Sometimes its a hard decision given the circumstances.

Because the other vessel was traveling almost 5 times my speed and had the greater opportunity to either slow down a little or make a minor course change, I waited before performing any large evasive action. A small reaction on the part of the other vessel would have completely avoided the situation. But he never altered course or speed or, let me put it this way... it appeared to stay on a collision trajectory even though I was making minor corrections.

He was about 20-30 degrees to port. If I corrected to starboard, he might of T-Boned me. If I corrected to port, he could have rammed me head on. I made minor corrections, hoping to see the other vessel respond in kind, but it never did. Instead, the collision risk remained the same and I couldn't see (at my speed) how I could possibly avoid this vessel. So I had no choice but to wait until I knew which correction would put me out of danger.

You have to understand that it appeared as though the other vessel was maintaining a collision course and had 5 times my speed, so avoidance by me seemed unlikely at the time. I felt threatened by the other vessel. If I had the same speed or was faster than the other vessel, I could have corrected immediately. But in this case, my best bet was to wait until he altered course or until I knew my correction would put me out of harms way.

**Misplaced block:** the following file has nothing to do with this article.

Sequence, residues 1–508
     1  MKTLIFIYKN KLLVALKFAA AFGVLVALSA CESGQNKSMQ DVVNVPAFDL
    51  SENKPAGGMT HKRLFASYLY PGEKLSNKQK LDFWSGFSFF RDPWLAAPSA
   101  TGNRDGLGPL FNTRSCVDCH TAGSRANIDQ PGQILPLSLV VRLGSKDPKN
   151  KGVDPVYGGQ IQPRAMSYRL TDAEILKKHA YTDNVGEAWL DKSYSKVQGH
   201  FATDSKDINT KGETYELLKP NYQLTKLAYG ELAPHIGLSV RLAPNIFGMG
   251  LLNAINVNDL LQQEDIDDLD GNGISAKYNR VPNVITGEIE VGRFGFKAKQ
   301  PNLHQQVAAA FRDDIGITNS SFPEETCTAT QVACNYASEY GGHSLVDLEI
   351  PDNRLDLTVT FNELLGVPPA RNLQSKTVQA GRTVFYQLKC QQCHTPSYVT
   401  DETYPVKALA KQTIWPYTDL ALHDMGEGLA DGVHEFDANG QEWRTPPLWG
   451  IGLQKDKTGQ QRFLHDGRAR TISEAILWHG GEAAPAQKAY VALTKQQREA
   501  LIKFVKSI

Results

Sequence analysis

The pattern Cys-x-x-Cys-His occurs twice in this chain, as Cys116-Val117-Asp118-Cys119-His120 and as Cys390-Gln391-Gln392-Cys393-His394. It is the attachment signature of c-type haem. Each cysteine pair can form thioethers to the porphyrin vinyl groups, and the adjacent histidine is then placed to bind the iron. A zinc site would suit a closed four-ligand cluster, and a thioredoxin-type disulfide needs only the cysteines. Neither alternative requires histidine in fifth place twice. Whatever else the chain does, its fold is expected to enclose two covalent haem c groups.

Sometimes its a hard decision, especially when the other vessel is completely ignoring you or appears to be bearing down on purpose.
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Old 16-10-2019, 04:31   #100
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Re: What do single handlers do at night?

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Originally Posted by Tillsbury View Post
Well, perhaps not. Kids canít stand watch until they prove themselves responsible enough. Some disabilities prevent proper watch standing too, due to fatigue or other issues. My wife makes great company when sheís up, but canít stand watch for hours at a time, so Iím more often than not single-handing with respect to the boat.

KIDS??? So far I have never had any Baby Goats aboard, but CHILDREN, Yes many times.
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Old 16-10-2019, 09:01   #101
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Re: What do single handlers do at night?

Iím lucky, have always been an aficionado for the 15 minute power nap, and when off shore can easily slip into a 30 minute routine - 20 mins sleep, awake by two alarms, a radar, AIS and visual scan around, reset the alarms and I can be asleep again within 10 minutes.

So over a 24 hour period offshore, I can get a fair bit of sleep.

Coastal sailing I try not sleep, so try not to sail all through the night, will anchor up, even a marina. Currently in the UK, the South Coast at night is hellish with the masses of unlit pot markers.

Someone once pointed out to me that if your 24 mile radar picks up a ship at full range and itís travelling at 20kts directly at your stationary boat, youíd have just on an hour before it would hit you.